In the following section we adapt our experiments based on the results from the simulations. When using the parameters of our standard procedure [19] with a process pressure of 200 mbar and an unstructured gold film, only the growth of freestanding SnO2 NWs is observed. As discussed above, a variation (i.e., lowering) of the process pressure is favorable and was performed starting from 200 mbar down to 20 mbar. The experimental results in Figure 5 compare the resulting NWs for two kind of samples (structured gold films, Figure 5a–c; gold nanoparticles, Figure 5d–f) for two different process pressures and powder temperatures. Especially for the nanowires from gold nanoparticles, a modification from freestanding to laterally aligned NWs is observable (Figure 5d,e). For a process pressure of 50 mbar (not shown here) or a powder temperature of 1000 °C (Figure 5c,f), a transition can be seen where the growth of the SnO2 nanowire begins in the laterally aligned mode and lifts up after some hundreds of nanometers to become freestanding. The growth rate is too high to maintain a quasi-thermodynamic equilibrium for the growth of straight laterally aligned NWs. In contrast, the laterally aligned NWs from gold film edges and gold nanoparticles grown at 20 mbar are highly oriented in a specific direction (Figure 5b,e).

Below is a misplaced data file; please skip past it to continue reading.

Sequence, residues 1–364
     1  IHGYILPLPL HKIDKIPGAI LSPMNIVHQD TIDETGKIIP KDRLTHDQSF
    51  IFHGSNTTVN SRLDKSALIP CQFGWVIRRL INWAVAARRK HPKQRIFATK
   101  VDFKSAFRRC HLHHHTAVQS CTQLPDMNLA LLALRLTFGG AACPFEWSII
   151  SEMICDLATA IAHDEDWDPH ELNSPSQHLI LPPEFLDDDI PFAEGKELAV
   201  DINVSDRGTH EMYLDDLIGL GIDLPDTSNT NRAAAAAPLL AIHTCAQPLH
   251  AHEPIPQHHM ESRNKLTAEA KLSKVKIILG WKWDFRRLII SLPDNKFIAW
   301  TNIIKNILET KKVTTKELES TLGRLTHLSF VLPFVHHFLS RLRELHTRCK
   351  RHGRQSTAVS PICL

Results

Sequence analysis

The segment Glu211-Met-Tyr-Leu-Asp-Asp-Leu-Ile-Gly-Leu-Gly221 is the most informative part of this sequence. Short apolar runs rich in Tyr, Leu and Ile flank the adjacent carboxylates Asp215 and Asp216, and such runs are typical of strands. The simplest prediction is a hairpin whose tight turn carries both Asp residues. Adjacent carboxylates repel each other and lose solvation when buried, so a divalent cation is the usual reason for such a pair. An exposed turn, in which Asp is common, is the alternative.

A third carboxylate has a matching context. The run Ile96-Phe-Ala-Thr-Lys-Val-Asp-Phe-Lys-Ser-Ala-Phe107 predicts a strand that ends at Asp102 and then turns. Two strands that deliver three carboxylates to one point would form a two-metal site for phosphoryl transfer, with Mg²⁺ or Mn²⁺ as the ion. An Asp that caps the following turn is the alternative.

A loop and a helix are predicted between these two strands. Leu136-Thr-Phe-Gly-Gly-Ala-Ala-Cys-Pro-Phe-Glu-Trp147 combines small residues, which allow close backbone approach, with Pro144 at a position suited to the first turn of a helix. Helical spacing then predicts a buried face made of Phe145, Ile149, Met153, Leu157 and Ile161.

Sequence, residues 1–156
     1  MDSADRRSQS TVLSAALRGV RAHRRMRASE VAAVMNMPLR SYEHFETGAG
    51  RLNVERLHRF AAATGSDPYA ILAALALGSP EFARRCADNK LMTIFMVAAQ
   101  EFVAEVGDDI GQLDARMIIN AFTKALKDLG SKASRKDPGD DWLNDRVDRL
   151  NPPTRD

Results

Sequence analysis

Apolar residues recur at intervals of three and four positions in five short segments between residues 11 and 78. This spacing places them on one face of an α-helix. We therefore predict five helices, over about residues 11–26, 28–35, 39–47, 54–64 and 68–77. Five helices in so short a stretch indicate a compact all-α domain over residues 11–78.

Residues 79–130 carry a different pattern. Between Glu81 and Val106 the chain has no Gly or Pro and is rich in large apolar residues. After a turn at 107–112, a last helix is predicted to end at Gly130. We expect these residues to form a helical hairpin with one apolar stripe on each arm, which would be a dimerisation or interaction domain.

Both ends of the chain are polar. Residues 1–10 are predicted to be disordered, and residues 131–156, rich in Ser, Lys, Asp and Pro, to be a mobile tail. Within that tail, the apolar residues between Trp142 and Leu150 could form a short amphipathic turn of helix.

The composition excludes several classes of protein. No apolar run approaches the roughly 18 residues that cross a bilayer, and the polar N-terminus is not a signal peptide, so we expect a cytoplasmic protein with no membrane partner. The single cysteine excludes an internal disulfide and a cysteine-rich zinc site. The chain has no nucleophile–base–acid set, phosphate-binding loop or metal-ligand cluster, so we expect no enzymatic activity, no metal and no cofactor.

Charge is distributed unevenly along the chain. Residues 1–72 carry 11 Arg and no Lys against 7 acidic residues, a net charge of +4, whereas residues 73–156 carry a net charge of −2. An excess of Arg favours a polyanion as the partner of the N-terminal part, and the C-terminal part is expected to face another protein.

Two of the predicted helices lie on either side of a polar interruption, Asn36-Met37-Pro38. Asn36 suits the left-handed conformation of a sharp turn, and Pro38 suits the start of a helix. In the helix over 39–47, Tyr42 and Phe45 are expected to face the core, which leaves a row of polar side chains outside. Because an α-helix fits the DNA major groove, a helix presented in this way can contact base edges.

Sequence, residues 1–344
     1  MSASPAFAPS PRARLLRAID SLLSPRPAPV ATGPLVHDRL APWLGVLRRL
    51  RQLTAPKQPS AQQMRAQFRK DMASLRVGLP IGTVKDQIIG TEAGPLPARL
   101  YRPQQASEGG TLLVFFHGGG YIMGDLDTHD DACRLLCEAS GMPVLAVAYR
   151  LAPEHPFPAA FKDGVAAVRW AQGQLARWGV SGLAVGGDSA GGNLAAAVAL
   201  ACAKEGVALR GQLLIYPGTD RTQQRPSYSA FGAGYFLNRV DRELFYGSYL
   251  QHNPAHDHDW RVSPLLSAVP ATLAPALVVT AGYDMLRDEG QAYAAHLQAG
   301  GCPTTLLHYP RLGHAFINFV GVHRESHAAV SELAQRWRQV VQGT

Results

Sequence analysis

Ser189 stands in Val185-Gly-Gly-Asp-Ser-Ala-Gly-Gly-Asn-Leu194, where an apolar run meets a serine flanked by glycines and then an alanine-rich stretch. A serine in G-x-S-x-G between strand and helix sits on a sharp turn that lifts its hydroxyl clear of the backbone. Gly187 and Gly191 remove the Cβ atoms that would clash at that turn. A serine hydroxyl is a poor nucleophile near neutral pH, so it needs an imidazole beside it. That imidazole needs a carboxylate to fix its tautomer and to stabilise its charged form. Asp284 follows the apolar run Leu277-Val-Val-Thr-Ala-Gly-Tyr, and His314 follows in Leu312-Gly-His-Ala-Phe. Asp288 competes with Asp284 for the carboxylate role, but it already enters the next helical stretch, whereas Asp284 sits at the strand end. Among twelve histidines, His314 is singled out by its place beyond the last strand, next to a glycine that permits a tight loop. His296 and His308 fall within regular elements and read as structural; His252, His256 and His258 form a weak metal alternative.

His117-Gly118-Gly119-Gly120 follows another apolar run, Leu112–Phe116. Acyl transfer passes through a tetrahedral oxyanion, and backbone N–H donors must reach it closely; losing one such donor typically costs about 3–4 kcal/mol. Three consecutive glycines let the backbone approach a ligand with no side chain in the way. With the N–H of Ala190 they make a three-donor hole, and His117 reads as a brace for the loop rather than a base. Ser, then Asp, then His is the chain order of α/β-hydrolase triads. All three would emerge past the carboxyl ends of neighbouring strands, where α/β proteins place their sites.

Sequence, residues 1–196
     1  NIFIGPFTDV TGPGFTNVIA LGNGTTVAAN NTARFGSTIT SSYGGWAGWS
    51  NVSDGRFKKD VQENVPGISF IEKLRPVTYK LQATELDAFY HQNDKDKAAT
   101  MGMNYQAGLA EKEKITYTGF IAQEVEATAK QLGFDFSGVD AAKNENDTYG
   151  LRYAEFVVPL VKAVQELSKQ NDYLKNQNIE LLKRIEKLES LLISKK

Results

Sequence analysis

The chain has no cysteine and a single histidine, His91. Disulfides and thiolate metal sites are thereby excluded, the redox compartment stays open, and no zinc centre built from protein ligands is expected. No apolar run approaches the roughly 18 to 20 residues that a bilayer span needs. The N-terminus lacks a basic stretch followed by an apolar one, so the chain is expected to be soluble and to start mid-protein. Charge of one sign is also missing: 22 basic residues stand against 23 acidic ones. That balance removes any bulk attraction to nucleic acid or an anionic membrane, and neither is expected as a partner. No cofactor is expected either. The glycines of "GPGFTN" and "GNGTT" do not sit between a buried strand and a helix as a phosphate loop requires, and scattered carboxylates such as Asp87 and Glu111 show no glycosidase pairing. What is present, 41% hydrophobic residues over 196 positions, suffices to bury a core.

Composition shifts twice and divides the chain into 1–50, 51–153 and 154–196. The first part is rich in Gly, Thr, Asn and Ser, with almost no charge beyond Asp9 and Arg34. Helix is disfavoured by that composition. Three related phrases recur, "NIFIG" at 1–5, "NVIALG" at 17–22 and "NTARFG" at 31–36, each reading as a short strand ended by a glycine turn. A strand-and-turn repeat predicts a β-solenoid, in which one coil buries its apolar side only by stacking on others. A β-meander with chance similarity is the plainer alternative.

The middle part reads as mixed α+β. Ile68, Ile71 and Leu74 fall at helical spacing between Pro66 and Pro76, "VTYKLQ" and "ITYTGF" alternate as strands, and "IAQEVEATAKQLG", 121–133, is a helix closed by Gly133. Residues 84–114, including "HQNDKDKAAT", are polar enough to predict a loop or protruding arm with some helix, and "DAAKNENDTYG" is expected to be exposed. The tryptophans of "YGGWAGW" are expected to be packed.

Figure 5: SnO2 NWs grown on a-plane sapphire substrates at various process pressures and powder temperatures: (a) and (d) 200 mbar and Tpowder = 950 °C, (b) and (e) 20 mbar and Tpowder = 950 °C and (c) and (f) 20 mbar and Tpowder = 1000 °C. Gold film edges ((a), (b) and (c), film thickness 5 nm) and Au NPs ((d), (e) and (f), Ø 80 nm) were used, respectively.